Though ancient Egyptians are famous for their mummies, Americans — South Americans — practiced the preservation method first. In a desert coastal region of what is now northern Chile and southern Peru, the Chinchorro people began mummifying their dead about 7,000 years ago. Now scientists have proposed an explanation for how this practice got its start: The Chinchorro were just copying nature.
The ancient South Americans buried corpses in shallow graves in the desert. There, the arid climate would have dried out the dead bodies, preventing their decay. When the Chinchorro population grew, more villagers probably started to see these bodies in the desert. They were inspired to mimic the natural process and start mummifying the dead, scientists report in a new study published in August.
Seven millennia ago, the Chinchorro population was booming. The growth was probably fueled by readily available water and food. According to climate records, rainfall had been increasing, giving more people access to freshwater. Scientists have also unearthed fishing tools, including hooks and harpoons, from the same time period. Those suggest the Chinchorro were eating plenty of fish and seafood then.
In the new study, scientists propose that this population boom led the ancient people to develop complicated customs, such as mummification. More people would have meant more permanent settlements and more corpses — and more frequent sightings of naturally preserved bodies sticking out of shallow graves. At some point, a light bulb went off and a new tradition of preserving the dead began.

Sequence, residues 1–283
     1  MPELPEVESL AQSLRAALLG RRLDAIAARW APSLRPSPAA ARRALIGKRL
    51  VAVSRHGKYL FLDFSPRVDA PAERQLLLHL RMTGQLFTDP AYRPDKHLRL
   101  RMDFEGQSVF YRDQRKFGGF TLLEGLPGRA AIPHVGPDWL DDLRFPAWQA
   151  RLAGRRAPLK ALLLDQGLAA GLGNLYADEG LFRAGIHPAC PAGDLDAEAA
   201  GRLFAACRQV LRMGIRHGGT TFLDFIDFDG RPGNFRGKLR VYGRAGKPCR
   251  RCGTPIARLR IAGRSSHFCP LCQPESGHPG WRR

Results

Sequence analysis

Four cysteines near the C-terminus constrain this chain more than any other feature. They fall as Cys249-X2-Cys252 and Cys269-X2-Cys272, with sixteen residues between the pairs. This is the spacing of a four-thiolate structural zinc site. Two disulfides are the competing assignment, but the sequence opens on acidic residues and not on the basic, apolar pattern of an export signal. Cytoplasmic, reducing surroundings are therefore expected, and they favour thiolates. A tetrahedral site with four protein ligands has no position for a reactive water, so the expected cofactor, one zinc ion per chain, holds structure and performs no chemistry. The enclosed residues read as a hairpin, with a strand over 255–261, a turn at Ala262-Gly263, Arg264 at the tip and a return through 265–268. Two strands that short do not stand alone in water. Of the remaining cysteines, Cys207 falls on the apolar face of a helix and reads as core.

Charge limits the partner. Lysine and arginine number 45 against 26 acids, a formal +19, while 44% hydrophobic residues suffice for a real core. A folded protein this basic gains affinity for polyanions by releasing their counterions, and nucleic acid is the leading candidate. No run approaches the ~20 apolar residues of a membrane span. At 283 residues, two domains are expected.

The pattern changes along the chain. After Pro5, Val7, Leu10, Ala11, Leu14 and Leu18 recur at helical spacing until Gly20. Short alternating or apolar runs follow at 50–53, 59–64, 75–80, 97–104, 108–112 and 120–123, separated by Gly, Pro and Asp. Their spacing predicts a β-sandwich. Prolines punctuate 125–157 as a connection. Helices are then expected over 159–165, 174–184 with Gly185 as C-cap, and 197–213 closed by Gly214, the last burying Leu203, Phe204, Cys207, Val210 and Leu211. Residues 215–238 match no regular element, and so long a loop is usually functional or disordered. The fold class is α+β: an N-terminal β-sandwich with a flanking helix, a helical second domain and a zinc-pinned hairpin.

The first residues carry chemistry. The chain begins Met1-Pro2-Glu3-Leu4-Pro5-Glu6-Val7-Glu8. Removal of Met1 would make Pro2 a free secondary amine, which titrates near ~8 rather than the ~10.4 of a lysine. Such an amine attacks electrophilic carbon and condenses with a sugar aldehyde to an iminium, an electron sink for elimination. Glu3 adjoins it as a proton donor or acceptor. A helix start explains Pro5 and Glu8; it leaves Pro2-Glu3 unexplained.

“Environmental changes are usually associated with the collapse of complex societies,” Pablo Marquet told Science News. “But if resources are abundant, environmental change can provide fertile ground for cultural evolution,” or change. Marquet, the study’s leader, is an ecologist at Pontificia Universidad Católica de Chile in Santiago. He studies the interaction between societies and their environments.
The Chinchorro may have viewed mummification as a religious practice. Other researchers have found that some ancient tribes believed that if a body were not fully decomposed, then the person would never completely disappear. So mummification may have been seen as a way to keep the dead among the living. The Chinchorro mummified their dead for about 2,600 years. The practice appears to have stopped after rainfalls diminished greatly and the tribe’s population dropped.
Although Marquet’s team’s explanation for mummification might be accurate, scientists will need to find more supporting evidence for the idea, says anthropologist Daniel Sandweiss of the University of Maine in Orono.
“Perhaps someone who encounters Marquet’s article will be inspired to innovate a new way to test his hypothesis, just as encountering natural mummies in the Atacama Desert may have led Chinchorro people to create artificial mummification,” Sandweiss told Science News.
mummification Preservation of a dead body to prevent all of the tissues from disappearing due to decay.
anthropology The study of humankind.
arid Dry, as in a desert landscape, where the air and ground lack much moisture.
culture The customs, arts, social institutions and achievements of a particular nation, people or other social group.
population All the inhabitants of a particular region.